Oh, My Aching Back -- and Wrist, Shoulder, Elbow

November 22, 1994|By MICHAEL K. BURNS

Repetitive-motion injuries in the workplace are costing this country more than $120 billion a year in lost work time and medical or rehabilitative treatment. These musculoskeletal ailments account for 60 percent of newly reported occupational illness, nearly 400,000 cases a year.

Carpal-tunnel syndrome, tennis elbow, tendinitis, shoulder and rTC back problems are ever more common examples of this rapidly growing category of worker disability. Inflamed nerves or deadened nerves from these rapid repeated motions over time can result in a secretary unable to type a single keystroke without sharp pain, a poultry processor unable even to grip a knife.

Once confined to assembly-line, construction and meat-packing jobs, the occurrences of repetitive motion, or repetitive strain, injuries have ballooned with the proliferation of computers in the office workplace over the past decade.

Only now is the federal government getting around to proposing worker-safety regulations to stem this increasingly costly, devastating type of disability.

While the federal Occupational Safety and Health Administration has cited and fined a number of companies for recurring repetitive-motion injuries, there is still no legal standard for ergonomic safety and health in the workplace. (Ergonomics is the science of adapting work, working conditions and job equipment to human characteristics.)

Nor is there any generally accepted standard for ergonomic equipment, although several European countries have adopted such standards. That has complicated the employers' dilemma in addressing these known workplace ailments: They may lack the expertise to make proper decisions on buying ergonomically designed equipment to solve specific problems.

But experts have long known what kinds of remedies are available beyond individually adjustable equipment and furniture: short work breaks and exercises, mixes of tasks, a less-stressful work pace, minimizing tool vibration and eliminating awkward working positions.

These are the areas addressed by the new OSHA guidelines that require employers to examine all jobs for risk factors and to take prompt corrective action for identified problem jobs.

Each job may have its own ergonomic problem to be fixed; the size or shape of the individual worker also affects what needs to be done to reduce repetitive body stress at a particular job. There is no one-size-fits-all solution, much to the dismay of employers bent on standardization of the workplace.

And that has led to an expected battle between companies and OSHA over final adoption and implementation of the proposed rules. While companies are losing $100 billion in lost work time and $20 billion or more from treating repetitive-motion injuries each year, they have been quick to dig in their heels at the prospect of more government paperwork and greater expense for an uncertain result.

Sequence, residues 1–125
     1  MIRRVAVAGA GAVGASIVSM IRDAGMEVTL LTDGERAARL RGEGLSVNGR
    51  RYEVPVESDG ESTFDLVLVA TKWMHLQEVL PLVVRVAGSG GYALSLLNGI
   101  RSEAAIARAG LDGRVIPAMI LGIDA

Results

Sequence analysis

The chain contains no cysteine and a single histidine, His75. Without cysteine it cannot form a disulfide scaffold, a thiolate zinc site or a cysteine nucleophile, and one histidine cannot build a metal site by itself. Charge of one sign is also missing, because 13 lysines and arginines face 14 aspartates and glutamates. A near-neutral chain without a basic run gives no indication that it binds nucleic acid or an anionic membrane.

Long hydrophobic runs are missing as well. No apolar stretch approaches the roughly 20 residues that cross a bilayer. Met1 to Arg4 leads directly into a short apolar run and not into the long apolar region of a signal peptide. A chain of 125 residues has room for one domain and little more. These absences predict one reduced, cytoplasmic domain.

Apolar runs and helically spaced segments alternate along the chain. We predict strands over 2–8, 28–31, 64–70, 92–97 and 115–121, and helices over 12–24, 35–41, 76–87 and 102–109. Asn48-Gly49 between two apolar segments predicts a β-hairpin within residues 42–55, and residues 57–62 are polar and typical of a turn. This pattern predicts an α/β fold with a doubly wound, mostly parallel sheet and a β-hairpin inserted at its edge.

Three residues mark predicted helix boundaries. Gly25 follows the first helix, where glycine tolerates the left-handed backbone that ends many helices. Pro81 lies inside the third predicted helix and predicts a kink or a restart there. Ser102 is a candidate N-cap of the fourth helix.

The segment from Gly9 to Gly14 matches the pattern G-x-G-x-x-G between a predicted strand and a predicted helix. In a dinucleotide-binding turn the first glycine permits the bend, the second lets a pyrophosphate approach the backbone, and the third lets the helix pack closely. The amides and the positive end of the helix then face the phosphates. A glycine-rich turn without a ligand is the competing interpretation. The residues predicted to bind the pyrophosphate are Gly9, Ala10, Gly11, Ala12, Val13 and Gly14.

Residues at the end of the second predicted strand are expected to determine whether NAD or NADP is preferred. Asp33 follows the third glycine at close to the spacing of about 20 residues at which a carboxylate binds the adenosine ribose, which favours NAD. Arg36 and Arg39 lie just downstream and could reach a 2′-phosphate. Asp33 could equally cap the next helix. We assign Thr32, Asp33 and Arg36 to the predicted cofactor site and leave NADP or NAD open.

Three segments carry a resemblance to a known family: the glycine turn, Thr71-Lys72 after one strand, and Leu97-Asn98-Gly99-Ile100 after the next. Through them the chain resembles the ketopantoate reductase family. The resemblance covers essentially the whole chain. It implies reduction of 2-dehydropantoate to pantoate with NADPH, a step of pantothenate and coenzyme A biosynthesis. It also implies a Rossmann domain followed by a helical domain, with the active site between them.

The OSHA rules would force employers to review their employee records to see if these kinds of disorders have occurred in the last two years, to evaluate the problem jobs and make corrections, and to conduct similar annual reviews in the future. Medical management programs would be required, with employee access to prompt treatment for such injuries, workers would have to be trained to avoid these occupational hazards.

Because of OSHA and labor-union pressures, many large corporations already have even stricter ergonomic programs in place. They include the Big Three U.S. automakers, telephone companies, food processing firms and the big meat and poultry concerns.

Increasing numbers of workers afflicted with repetitive-motion injuries are losing their jobs because surgery or rehabilitation are not successful enough to allow them to resume their tasks. In many cases, the employer does not have light-duty alternative jobs in which to place these employees.

Office workers have become more aggressive in going to court as a result of their injuries, suing employers and manufacturers of equipment and furniture for poor ergonomic workplace designs.

The responses of employers have varied considerably. Some have ignored the problem or fought worker-compensation claims for such injuries.

Some, like the Marada Industries auto-parts plant in Westminster, have tried pre-work warm-up exercises as part of a program to avoid assembly-line injuries. Many employers have made surveys of their office equipment and lighting with an eye to improve working postures of clerical employees. Some give employee-training classes.

The General Motors plant in Baltimore went on strike three years ago because of increased repetitive-motion injuries, which the labor union tied to an accelerated assembly-line work pace. It's not just a question of adapting equipment and posture, experts say, but also of providing relief for the body from unceasing repetitive-motion work.

The sweeping OSHA proposal, which could affect 125 million workers, will likely take two years or more to go into effect, and even then with changes. The agency began the process five years ago.

But smart employers will take the cue today and rethink how workplaces and jobs could be changed to minimize this increasing risk for their workers and their own productivity. Business needs to come up with answers soon to this $120 billion question.

Michael K. Burns writes editorials for The Baltimore Sun.

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